Source text for this digital edition:
Jonson, Ben. The Alchemist. Edited by David Bevington. In: Bevington, David et al. (eds.). Renaissance Drama: A Norton Anthology. New York: W W Norton, 2001. p. 868-959.
- Vives Martínez, Mireia
Note on this digital edition
Reproduced with kind permission by W. W. Norton & Company. ©W. W. Norton & Company
THE PERSONS OF THE PLAY
|SUBTLE the alchemist|
|FACE the housekeeper|
|DOLL Common their colleague|
|DAPPER a clerk|
|[Abel] DRUGGER a tobacco man|
|LOVEWIT master of the house|
|[Sir] Epicure MAMMON a knight|
|[Pertinax] SURLY a gamester|
|TRIBULATION [Wholesome] a pastor of Amsterdam|
|ANANIAS a deacon there|
|KASTRIL the angry boy|
|Dame PLIANT his sister, a widow|
To the Reader
If thou be'st more, thou art an understander, and then I trust
thee. If thou art one that tak'st up, and but a pretender, beware
at what hands thou receiv'st thy commodity; for thou wert
never more fair in the way to be cozened (than in this age) in
poetry, especially in plays, wherein, now, the concupiscence of
dances and antics so reigneth, as to run away from Nature
and be afraid of her is the only point of art that tickles the
spectators. But how out of purpose and place do I name art?
When the professors are grown so obstinate contemners of
it, and presumers on their own naturals, as they are deriders
of all diligence that way, and, by simple mocking at the terms,
when they understand not the things, think to get off wittily
with their ignorance. Nay, they are esteemed the more learned
and sufficient for this by the many, through their excellent
vice of judgment. For they commend writers as they do fencers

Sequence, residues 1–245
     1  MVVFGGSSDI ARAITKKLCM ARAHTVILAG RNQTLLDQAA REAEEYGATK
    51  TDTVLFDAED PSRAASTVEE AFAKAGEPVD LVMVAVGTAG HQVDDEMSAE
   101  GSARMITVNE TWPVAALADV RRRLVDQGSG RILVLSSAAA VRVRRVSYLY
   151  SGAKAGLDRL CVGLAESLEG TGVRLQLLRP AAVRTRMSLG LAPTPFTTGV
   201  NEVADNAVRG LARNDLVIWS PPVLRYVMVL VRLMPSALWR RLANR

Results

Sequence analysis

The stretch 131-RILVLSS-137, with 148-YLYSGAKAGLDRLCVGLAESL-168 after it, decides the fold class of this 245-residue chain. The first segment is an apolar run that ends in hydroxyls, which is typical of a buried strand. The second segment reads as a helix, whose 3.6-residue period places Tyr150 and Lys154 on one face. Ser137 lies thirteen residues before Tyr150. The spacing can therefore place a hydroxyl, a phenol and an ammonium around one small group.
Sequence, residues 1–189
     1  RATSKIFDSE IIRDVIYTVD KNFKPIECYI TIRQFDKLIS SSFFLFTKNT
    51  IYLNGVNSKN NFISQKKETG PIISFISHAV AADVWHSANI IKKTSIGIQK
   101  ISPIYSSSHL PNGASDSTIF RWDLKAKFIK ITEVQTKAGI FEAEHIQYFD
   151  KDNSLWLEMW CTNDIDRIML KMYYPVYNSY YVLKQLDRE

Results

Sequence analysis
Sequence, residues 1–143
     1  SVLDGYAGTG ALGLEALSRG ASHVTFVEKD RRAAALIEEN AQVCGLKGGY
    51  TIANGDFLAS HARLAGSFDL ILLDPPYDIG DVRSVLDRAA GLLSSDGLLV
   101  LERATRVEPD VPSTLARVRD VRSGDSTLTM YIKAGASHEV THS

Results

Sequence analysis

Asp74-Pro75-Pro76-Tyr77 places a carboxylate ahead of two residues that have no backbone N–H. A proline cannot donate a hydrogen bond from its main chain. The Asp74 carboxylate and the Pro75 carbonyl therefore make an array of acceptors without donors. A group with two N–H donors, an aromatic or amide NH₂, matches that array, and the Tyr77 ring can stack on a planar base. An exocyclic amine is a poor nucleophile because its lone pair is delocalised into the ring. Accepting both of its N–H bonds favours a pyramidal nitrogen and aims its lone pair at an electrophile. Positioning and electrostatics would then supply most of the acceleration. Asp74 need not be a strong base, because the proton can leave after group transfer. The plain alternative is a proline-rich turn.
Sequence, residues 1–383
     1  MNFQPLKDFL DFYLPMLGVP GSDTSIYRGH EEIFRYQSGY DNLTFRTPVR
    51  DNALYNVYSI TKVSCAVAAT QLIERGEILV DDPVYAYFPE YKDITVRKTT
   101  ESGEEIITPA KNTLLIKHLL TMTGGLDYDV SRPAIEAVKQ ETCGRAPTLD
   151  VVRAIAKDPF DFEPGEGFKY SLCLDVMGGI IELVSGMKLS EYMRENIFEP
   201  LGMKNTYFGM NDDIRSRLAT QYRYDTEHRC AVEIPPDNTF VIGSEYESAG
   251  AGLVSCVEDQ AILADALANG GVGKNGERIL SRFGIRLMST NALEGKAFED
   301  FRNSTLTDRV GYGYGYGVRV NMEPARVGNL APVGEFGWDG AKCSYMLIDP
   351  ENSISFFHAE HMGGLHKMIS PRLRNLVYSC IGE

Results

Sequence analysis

or wrestlers, who, if they come in robustiously and put for
it with a great deal of violence, are received for the braver
fellows, when many times their own rudeness is the cause of
their disgrace, and a little touch of their adversary gives all that
boisterous force the foil. I deny not but that these men, who
always seek to do more than enough, may sometime happen
on some thing that is good and great; but very seldom, and
when it comes it doth not recompense the rest of their ill. It
sticks out, perhaps, and is more eminent, because all is sordid
and vile about it, as lights are more discerned in a thick darkness
than a faint shadow. I speak not this out of a hope to do
good on any man against his will; for I know, if it were put to
the question of theirs and mine, the worse would find more
suffrages, because the most favor common errors. But I give
thee this warning, that there is a great difference between
those that (to gain the opinion of copy) utter all they can, however
unfitly, and those that use election and a mean. For it is
only the disease of the unskillful to think rude things greater
than polished, or scattered more numerous than composed.
T he sickness hot, a master quit for fear
H is house in town, and left one servant there.
E ase him corrupted, and gave means to know
A cheater and his punk, who, now brought low,
L eaving their narrow practice, were become
C oz'ners at large; and, only wanting some
H ouse to set up, with him they here contract
E ach for a share, and all begin to act.
M uch company they draw, and much abuse,
I n casting figures, telling fortunes, news,
S elling of flies, flat bawdry, with the stone
T ill it and they and all in fume are gone.
Fortune, that favors fools, these two short hours
We wish away, both for your sakes and ours,
Judging spectators, and desire in place
To th'author justice, to ourselves but grace.
Our scene is London, 'cause we would make known
No country's mirth is better than our own.
No clime breeds better matter for your whore,
Bawd, squire, impostor, many persons more,
Whose manners, now called humors, feed the stage,
And which have still been subject for the rage
Or spleen of comic writers. Though this pen
Did never aim to grieve, but better, men,
Howe'er the age he lives in doth endure
Then vices that she breeds above their cure.
But when the wholesome remedies are sweet,
And in their working gain and profit meet,
He hopes to find no spirit so much diseased
But will with such fair correctives be pleased;
For here he doth not fear who can apply.
If there be any that will sit so nigh
Unto the stream to look what it doth run,
They shall find things they'd think or wish were done,
They are so natural follies, but so shown
As even the doers may see and yet not own.